We’ve forgotten what boredom feels like.
I recently read a book — Comfort Crisis (must read if you haven’t already) that describes the author’s hunting expedition to the Alaskan mountain ranges.
Author Michael Easter and his crew spend hours in the mountains waiting for their prey. While waiting, they have nothing to do except talk to each other and read instructions on their food packets. They soon run out of topics to discuss and food packets to read!
They don’t have their phones and absolutely no connection with the external world.
Just reading that scene made me shudder. What if…
We live in strange times. Many folks who’ve changed jobs and have been hired in the last year or so haven’t seen their teams and their offices since the time they joined.
Before COVID, this would have been seen as impossible and a bad talent and hiring practice. Even remote workers met their teams and went to offices once in a while. However, here we are. Like everything else, this is the reality of the ‘new normal.’
Remote onboarding is challenging. One of the key goals of an onboarding plan is to immerse the new hire into the company culture…
I didn’t really get empathy up until my son was born. Yes, I’d heard all about it. I had read about its importance but didn’t practice it because it didn’t come naturally to me and, more importantly, I didn’t see it around me.
And that’s true. No matter what we think or say, empathy doesn’t come naturally to us.
We are selfish creatures by design. Everything that we do is designed to serve ourselves and our interests no matter how we’d like to think about it.
I found it difficult to relate to others for the longest time unless I…
Every day when I go through my LinkedIn feed, I see at least 10 –15 posts from people looking for new roles. These are just folks who are actively seeking help on LinkedIn. I am sure that the number of passive job seekers is way more.
COVID hit the job market badly, and millions of people went out of jobs overnight. While the worst may be behind us, we aren’t out of the woods yet. So when I was asked to hire people in my team, I was excited to be helping alleviate some of that problem and started looking…
I have read dozens of leadership books and articles by now and have also been fortunate enough to see some amazing leaders in action, both at work and on the personal front.
There are some important traits that many of these articles talk about, and most good leaders share. Things like delegation, communication, influence, leading by example, openness to feedback, humility, etc., are commonly spoken about and seen in them (well, humility not quite often).
However, there are some other qualities that great leaders possess and things that they do that are extremely important but not often spoken about. …
When was the last time you were truly happy for other’s success? Happy for someone who wasn’t family or a close friend.
To some extent, it’s normal to be envious, indifferent, or even dislike when others keep achieving milestones in their lives.
This behavior is evolutionary and inherent within us. We perceive someone else’s ascent as our downfall. Remember, not very long ago; we roamed around in hostile environments wherein the best survived and the rest perished. So if someone else were better than you back then, you’d probably have to worry about your survival.
That’s not the world that…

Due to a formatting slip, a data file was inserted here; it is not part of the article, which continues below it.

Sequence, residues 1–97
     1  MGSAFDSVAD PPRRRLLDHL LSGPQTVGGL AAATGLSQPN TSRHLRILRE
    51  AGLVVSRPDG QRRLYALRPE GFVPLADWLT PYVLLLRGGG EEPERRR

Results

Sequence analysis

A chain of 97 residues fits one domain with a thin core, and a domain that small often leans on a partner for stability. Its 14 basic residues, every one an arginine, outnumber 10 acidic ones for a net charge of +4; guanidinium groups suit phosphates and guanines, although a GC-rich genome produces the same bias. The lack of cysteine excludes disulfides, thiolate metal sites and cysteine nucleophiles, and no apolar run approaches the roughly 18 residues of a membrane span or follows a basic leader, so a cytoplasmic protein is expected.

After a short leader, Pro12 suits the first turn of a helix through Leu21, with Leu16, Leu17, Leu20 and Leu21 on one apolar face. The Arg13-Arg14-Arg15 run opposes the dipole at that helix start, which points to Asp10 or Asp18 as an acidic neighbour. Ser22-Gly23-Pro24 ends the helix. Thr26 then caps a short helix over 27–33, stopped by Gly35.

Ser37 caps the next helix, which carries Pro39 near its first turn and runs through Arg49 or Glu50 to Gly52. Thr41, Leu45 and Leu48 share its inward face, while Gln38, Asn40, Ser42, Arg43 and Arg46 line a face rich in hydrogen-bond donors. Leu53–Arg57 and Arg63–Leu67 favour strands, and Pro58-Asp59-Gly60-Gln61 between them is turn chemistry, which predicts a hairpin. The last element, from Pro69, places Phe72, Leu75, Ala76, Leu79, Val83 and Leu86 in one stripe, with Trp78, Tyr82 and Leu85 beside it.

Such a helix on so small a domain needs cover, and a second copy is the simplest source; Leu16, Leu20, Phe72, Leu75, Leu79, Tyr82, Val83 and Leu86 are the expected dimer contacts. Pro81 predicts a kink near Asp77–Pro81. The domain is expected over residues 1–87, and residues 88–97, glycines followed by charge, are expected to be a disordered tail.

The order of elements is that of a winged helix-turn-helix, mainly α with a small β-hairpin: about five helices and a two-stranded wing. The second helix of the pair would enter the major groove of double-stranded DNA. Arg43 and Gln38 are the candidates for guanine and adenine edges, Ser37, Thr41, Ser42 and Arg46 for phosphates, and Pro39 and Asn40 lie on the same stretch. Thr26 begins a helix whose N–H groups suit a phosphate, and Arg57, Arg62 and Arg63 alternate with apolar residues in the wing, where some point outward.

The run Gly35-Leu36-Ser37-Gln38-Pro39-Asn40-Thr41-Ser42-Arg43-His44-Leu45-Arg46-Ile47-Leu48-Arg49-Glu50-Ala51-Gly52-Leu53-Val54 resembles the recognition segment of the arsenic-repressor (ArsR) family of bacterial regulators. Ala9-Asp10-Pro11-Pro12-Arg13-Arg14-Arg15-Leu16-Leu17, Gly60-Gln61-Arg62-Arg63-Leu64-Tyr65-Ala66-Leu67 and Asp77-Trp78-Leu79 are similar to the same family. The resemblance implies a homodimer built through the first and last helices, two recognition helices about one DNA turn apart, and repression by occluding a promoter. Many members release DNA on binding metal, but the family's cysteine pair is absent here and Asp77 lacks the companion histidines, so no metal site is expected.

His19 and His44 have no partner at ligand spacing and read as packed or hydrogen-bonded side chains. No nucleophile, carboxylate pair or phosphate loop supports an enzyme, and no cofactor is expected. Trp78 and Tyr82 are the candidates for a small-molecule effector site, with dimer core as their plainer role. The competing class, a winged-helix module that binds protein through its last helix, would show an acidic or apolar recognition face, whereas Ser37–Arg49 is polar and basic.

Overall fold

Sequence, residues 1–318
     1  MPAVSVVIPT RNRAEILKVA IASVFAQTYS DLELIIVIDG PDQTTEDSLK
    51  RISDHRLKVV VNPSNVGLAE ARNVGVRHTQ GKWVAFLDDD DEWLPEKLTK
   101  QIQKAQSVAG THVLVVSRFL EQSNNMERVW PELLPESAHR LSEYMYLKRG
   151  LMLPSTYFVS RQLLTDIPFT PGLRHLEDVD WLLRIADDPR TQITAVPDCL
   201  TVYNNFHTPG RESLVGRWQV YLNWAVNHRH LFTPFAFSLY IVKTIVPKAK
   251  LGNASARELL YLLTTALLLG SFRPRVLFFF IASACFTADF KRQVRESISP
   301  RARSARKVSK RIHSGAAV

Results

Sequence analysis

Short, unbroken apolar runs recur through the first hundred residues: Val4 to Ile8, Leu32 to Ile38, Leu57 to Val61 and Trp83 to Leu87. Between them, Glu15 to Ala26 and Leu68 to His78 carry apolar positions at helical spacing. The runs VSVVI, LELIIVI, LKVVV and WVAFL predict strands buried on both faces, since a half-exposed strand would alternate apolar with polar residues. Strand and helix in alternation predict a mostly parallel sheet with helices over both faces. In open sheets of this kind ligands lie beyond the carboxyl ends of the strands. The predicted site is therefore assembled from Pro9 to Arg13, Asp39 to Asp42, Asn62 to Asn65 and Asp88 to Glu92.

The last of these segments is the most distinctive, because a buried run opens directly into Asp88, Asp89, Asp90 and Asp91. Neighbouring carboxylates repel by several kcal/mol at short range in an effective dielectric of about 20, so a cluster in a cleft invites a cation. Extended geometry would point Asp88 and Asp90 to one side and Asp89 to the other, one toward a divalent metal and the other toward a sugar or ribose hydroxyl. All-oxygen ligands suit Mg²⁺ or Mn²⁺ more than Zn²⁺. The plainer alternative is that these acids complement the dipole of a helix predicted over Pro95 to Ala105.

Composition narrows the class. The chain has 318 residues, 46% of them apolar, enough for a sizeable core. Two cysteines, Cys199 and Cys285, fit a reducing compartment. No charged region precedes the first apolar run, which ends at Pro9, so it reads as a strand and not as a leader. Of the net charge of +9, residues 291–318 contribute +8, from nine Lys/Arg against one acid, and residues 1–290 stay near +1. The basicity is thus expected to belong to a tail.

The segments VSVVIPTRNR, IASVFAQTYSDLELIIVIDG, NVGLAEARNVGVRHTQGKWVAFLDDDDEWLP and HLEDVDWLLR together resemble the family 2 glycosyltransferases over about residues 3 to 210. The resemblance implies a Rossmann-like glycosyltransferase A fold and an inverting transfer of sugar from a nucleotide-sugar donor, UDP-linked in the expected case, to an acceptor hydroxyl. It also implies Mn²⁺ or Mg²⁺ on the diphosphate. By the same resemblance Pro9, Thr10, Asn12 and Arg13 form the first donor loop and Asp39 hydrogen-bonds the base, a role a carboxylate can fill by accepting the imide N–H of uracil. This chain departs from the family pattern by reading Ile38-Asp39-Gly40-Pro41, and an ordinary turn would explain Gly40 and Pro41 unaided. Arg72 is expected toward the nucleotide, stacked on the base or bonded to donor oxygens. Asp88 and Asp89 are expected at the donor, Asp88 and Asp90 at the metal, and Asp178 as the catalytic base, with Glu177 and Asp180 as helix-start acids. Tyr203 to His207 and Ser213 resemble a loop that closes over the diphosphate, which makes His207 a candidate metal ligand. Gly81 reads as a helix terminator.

#3 Shit happens. Move On.
Toddlers can be amazing teachers if you’re willing to listen (or observe).
To watch a child hustle and struggle her way through her early years is fascinating and mesmerizing, to say the least.
Before our son was born, I never really saw the growth process in action. Yes, we’ve all seen ourselves grow in our personal and professional lives, but that growth happens over a period of time and isn’t quite noticeable on a day-to-day basis. However, a child’s growth is visible every single day. …
Writing did not come naturally to me. In fact, I dreaded writing when I was in school and college. Interestingly, what made me incline towards writing was; Reading.
I developed a love for reading a decade or so ago, which intensified over the last few years. I started with fiction and gradually slipped into non-fiction and then stayed there.
When you read a lot, you start getting a ton of ideas and thoughts. Every book gives you food for thought. Some of these ideas were so brilliant that I had to share them with others to remember them. …
I come from a conservative, religious, orthodox family. My parents and grandparents strongly believe in the values and principles of Jainism.
One of Jainism's key principles is Non-Attachment, also called ‘Aparigraha.’ To explain it broadly, Aparigraha means minimal attachment to material and worldly possessions. It recommends very limited possession of property, relations, and emotions. This principle's key idea is that unchecked attachment to possessions (material & psychological) results in direct harm to one’s personality.
While it is difficult to follow and comply with this recommendation completely, my family did make an effort to follow it to the extent that they…
This is a familiar situation for most of us. You told your colleague something, they interpreted something else and then communicated a completely different thing to a third person, stripping the statement of its original intent or spirit in the process. Kids call it the telephone game. For adults, it is workplace gossip.
Many of us have contributed to and been victims of gossip like this. It is deeply pervasive in our workplace and can range from harmless banter and conjectures to full-blown conspiracy theories.
No matter the nature of gossip, we seem to derive some definite pleasure from it…
Musings About Sales, Productivity & Behavioral Science